candy butchers

There are so many under-rated geniuses working in the power pop field, but none more deserving of huge recognition as Mike Viola, whose fourth full length release ‘Hang On Mike’- released under the Candy Butchers moniker – captures the singer-songwriter at his absolute best.

The album begins with ‘What To Do With Michael’, a tale of a hit-and-miss relationship, set to an almost guitar-less, bouncing arrangement with the piano firmly upfront. Its purely seventies arrangement features the best elements of early Billy Joel crossed with the sunshine vibe of ‘Love Will Keep Us Together’ by Captain and Teneille. It’s one of those tracks which sounds eternally fresh; something about that particular style of stabbing piano is consistently pleasing (Let’s be honest, ‘Allentown’ by Billy Joel…it never gets old, does it?). ‘Nice To Know You’ continues the seventies vibe but has extra focus on vocal harmony; while ‘Hang On Mike’ showcases better songs than this, it holds up as a great example of how Viola knows how to write a simple, yet effective melody and how although fashions may change, the kinds of pop Viola loved in the seventies have an almost timeless appeal.

‘Not So Bad At All’ captures a perfect punchy pop feeling, hovering somewhere between Jellyfish at their most direct and New York’s Mark Bacino, but if it’s an instant pop frenzy you’re looking for, the Jellyfish meets Brian Wilson-isms of ‘Let’s Have a Baby’ will provide instant joy. The stabbing piano should be enough, but when combined with a quirky chorus vocal featuring potential baby names, the song hits a whole new level of infectiousness. At just under three minutes, the moment is gone before long, but it should be more than enough to leave you smiling. ‘Sparkle!’ is even more upbeat, with camp overtones as Mike’s trademark pop is driven towards show tune territory with a wry grin.  That wry grin is hosted by the “untrustworthy narrator”, since although this is a number which sounds flippant and happy upon the surface, its lyrical content is somewhat steeped in sadness.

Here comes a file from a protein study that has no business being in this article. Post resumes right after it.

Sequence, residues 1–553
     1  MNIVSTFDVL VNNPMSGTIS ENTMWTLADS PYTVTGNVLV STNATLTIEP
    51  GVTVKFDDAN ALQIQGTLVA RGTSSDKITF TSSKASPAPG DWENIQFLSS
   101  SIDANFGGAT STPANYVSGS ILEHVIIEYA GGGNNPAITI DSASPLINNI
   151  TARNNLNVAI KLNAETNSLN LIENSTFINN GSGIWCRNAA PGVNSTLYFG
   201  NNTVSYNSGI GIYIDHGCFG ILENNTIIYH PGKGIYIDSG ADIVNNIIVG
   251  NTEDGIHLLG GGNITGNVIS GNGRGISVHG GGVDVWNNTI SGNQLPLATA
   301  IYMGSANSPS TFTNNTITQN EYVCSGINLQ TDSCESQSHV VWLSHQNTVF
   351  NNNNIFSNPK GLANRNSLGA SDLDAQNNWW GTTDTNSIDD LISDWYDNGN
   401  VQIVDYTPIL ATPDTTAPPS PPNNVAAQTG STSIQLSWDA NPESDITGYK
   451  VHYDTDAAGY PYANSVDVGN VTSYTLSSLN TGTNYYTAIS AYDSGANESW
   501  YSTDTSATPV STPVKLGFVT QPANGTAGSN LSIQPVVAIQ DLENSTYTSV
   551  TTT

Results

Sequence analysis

‘Unexpected Traffic’ demonstrates the flipside of Mike’s song craft. An acoustic based, introspective number, you get a sense of Mike’s voice cracking under emotional weight. In a similar vein, although lyrically far more direct, ‘Painkillers’ is heartbreaking, as it tells of the death of someone very close and the daily struggles of coming to terms with deep sadness. While the album’s acoustic numbers often give Viola more gravitas as a songwriter, it’s his poppier works which provide the album with its long lasting appeal and most memorable moments. ‘Kiss Alive II’ shows a sly humour, not unlike Ben Folds, where Mike tells the tale of musical discovery as he attempts to turn a friend on to the piano based mastery of 1970’s Elton John (specifically ‘Bennie and the Jets’) and in return gets a copy of KISS’s double live opus [It’s up to the listener to decide whom gets the best deal there]. The song’s structure is based around simple but fairly dominant piano chords – likely meant to evoke classic Elton, but somehow ending up a little more Billy Joel…which, of course, is more than fine.

The title cut features a slightly strained vocal on fragile verses, but is balanced by a perfect pop chorus in an autobiographical tale (“Hang on Mike, if there’s one thing you’re good for, it’s holding on / Hang on Mike, if there’s one thing your good for, it’s another song”). No-one is in a better position to recognise fame isn’t always an overnight success than Viola. He may have written the songs in the “Walk Hard: The Dewey Cox Story” movie and provided vocals in the Tom Hanks flick “That Thing You Do”, but somehow the accolade of being a true household name seems to have eluded him.

When his second album (‘Falling Into Place’) was released, Mike sounded as if he had the chops to be one of the greatest singer-songwriters to come through in a long while – and this fourth album leaves absolutely no doubt about his talent. If you still hanker after the days when things were as well crafted as Todd Rundgren’s ‘Something/Anything’, then this is essential.

July 2010

THE GO! TEAM – Rolling Blackouts

go team